You’re already familiar with sauerkraut and kimchee and kombucha, I’m sure. But have you heard about this ferment that will add a gorgeously sweet tone wherever you need it?
Ama-koji is the most wonderful sweetener. It looks like a nut milk, but It’s actually almost painfully sweet to eat or drink alone (although plenty of people do, and it can easily be diluted to suit your palate). In winter, it’s best to drink warm, and I recommend chilling it in the summer for a lovely, nourishing sweet fix. Like all fermented food, ama-koji has distinct probiotics that help to populate and soothe your gut.
It's also used regularly as a sweetener. The sweetness comes purely from the starch in the rice and the reaction to the koji converting those starches to glucose. Koji is Japan’s national fungus, responsible for converting soybeans to miso, tamari, soy sauce, and rice into sake and rice vinegar. In the case of ama-koji, it creates a digestive enzyme that converts the starch to glucose. Let it sit longer and that glucose will attract yeasts that will create some alcohol. Leave that even longer and you’ll have some rice vinegar. Fermentation is great like that (I go into depth about many different types and ways of fermenting things in my new book, Ferment For Good). When using it in chai tea, you essentially use the ama-koji as the milk and sweetener. This is great for the dairy-free person in our home. You can also try it as a kind of ice cream—blend the ama-koji with 200 mL (7 fluid ounces) of extra water until smooth, add cocoa powder or cacao powder to taste, then freeze or put into your ice-cream maker.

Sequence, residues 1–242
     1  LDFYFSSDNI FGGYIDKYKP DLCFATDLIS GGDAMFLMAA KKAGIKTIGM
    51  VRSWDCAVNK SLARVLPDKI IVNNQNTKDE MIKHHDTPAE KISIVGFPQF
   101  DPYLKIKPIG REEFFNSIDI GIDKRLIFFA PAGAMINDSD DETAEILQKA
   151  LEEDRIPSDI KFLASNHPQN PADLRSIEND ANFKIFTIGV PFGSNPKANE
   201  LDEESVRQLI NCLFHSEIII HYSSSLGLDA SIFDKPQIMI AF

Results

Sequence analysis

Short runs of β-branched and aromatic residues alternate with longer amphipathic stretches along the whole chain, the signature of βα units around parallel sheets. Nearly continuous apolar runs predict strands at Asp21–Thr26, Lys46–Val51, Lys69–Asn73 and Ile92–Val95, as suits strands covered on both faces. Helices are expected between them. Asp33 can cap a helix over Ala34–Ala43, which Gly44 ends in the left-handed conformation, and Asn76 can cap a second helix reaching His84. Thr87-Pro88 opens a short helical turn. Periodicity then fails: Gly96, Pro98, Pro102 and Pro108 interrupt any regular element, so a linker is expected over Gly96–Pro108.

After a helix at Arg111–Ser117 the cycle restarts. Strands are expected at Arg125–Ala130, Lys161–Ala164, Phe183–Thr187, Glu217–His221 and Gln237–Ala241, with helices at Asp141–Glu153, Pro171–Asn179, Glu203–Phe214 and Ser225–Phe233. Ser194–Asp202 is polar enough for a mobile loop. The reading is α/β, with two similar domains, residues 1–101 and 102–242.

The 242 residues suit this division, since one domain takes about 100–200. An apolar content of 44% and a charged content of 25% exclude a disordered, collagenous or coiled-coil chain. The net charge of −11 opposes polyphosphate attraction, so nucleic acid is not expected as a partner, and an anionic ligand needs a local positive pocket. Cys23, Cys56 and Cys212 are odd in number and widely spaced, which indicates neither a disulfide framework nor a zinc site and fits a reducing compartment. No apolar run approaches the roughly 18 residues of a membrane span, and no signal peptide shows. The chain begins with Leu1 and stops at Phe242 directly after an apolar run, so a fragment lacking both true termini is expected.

Ama-Koji (Sweet Koji)
Gluten-, dairy-, and sugar-free
Preparation time: 1 hour
Fermentation time: overnight
Equipment: food-grade thermometer, rice cooker (or slow cooker)
- 200 g (7 oz) rice (see notes)
- 200 g (7 oz) rice koji (available at Whole Foods and Asian grocery stores—it comes in white blocks frozen, or dried in tubs)
- 200 mL (7 fl. oz.) water
- First, cook the rice, then cool to at least 60°C (140°F). Crumble in the rice koji, add the extra 200 mL (7 fl oz) water, and stir to combine.
- At this stage you want to keep it at a constant temperature of about 60°C (140°F). I achieve that by keeping the rice cooker on the "warm" setting with the lid ajar but with a tea (dish) towel over the top. You can also easily do this with a slow cooker set to 60°C (140°F), or with the oven on low. Open it up to give it a stir now and then in the first hour or two. I usually leave it like this overnight and then awake to a beautiful aroma.
- It will keep for about a week—heat before eating each time. It may change somewhat and become less sweet as it keeps fermenting, even in the fridge. To keep it stable, and the flavor and enzymes intact, you can store it in the freezer for up to 6 months. Thaw before using.
Notes: Short-grain rice produces a very sweet drink, and medium-grain less sweet. Combine the two for a happy medium, or make it with all short-grain if you intend to use it as a sweetener in your chai, for example.
Based on excerpts from Ferment For Good by Sharon Flynn, with the permission of Hardie Grant. Copyright © 2017
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